A meaty chicken like substitute. It is so versatile you can use it in hundreds of recipes. Besides this, it is low cost, freezes well, and a little goes a long way.

Ingredients

  • 2 cups soybeans or chickpeas, soaked overnight
  • 1½ cups water
  • 2 tablespoons soy sauce (or ¼ Bragg's Liquid Aminos)
  • 3 tablespoons McCay's Chicken Seasoning
  • 2 tablespoons nutritional yeast flakes
  • 1 tablespoon onion powder
  • ½ teaspoon garlic powder
  • 2 cups gluten flour

Instructions

  • To soak soybeans or garbanzos, place at least 1 cup dry beans in about 2 cups of water and leave at room temperature for about 12 hours.
  • Place 2 cups of soaked, drained beans in a blender with 11⁄2 cups water and blend. While blending, add seasonings and blend smooth.
  • Pour into a bowl and add the gluten flour. It will become very stiff, and the last of the flour should be kneaded in with your hands. Knead for 2 minutes. If it is too soft (not holding together in an elastic ball), knead in 1⁄4- 1⁄2 cup more gluten flour. This can be done in an electric bread mixer or by hand. Longer kneading will make a final product that is more chewy and elastic, while less kneading will make a final product that is more spongy and bread-like.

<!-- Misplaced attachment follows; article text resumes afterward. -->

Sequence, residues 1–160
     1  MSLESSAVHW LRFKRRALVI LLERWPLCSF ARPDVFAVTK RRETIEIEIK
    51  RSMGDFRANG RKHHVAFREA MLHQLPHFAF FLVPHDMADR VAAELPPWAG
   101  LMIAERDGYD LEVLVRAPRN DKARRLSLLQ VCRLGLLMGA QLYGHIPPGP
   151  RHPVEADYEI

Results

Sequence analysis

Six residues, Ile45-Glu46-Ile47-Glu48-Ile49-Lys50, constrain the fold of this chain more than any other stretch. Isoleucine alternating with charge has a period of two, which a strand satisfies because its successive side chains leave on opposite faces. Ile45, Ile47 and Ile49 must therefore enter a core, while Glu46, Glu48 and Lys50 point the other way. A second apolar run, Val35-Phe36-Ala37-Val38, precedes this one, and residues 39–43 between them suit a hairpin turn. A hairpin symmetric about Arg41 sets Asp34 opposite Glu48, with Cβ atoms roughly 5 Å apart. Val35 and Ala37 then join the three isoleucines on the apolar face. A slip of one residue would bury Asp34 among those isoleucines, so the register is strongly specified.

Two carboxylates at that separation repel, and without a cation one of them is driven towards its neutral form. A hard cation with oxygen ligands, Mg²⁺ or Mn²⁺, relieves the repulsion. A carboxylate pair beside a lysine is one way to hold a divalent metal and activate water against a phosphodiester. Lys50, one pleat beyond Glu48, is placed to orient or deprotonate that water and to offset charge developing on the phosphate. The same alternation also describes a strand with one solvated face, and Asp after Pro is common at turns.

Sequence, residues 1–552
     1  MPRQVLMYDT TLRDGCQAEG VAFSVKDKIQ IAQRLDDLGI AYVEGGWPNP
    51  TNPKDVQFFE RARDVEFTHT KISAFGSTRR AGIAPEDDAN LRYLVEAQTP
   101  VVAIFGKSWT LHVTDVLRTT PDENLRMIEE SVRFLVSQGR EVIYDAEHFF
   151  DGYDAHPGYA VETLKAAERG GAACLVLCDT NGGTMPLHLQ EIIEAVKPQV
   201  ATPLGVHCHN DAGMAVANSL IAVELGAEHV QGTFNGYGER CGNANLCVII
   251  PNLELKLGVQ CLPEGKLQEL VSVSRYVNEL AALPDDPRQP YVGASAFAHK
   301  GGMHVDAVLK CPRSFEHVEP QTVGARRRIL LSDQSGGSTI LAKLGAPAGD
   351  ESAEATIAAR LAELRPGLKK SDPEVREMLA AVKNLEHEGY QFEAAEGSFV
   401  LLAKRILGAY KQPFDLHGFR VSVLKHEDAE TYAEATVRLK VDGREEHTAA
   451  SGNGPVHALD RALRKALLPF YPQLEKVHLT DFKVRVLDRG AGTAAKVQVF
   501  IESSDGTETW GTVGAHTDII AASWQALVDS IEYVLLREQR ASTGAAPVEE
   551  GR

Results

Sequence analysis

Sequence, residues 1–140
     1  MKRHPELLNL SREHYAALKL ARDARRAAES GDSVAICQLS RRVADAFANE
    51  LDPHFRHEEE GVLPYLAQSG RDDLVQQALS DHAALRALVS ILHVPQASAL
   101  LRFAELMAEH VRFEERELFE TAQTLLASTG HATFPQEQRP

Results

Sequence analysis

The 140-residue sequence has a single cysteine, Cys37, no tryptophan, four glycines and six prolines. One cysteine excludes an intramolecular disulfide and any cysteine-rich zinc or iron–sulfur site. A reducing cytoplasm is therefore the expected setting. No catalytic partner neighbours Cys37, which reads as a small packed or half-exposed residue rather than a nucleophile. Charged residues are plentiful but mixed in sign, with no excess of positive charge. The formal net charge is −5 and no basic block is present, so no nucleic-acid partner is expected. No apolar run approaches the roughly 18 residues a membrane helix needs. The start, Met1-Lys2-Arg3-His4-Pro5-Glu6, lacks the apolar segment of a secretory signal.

• Form into two oval-shaped loaves and place on an oiled cookie sheet. Bake 50 minutes at 350°F. Cool on a rack. May be frozen.
  • Note: You can slice, cube, or grind your veggie loaf and use it in many different recipes as a meat replacement. For example, try lightly breading slices and frying or baking them.

Ready in about 1 hour
Makes 2 loaves

About the Author

Sarah Jung

Sarah Jung is the associate director of Life and Health Network, but wears a plethora of hats as editor, communications director, and sometimes photographer. Unrelated to Life and Health, Sarah is the country director and founding member of Oon Jai Foundation, a non-profit organization that seeks to empower people living in developing countries through friendship and working, learning, and mentoring side-by-side with the locals. In her spare time, Sarah likes to read, write, and find mountains to climb.

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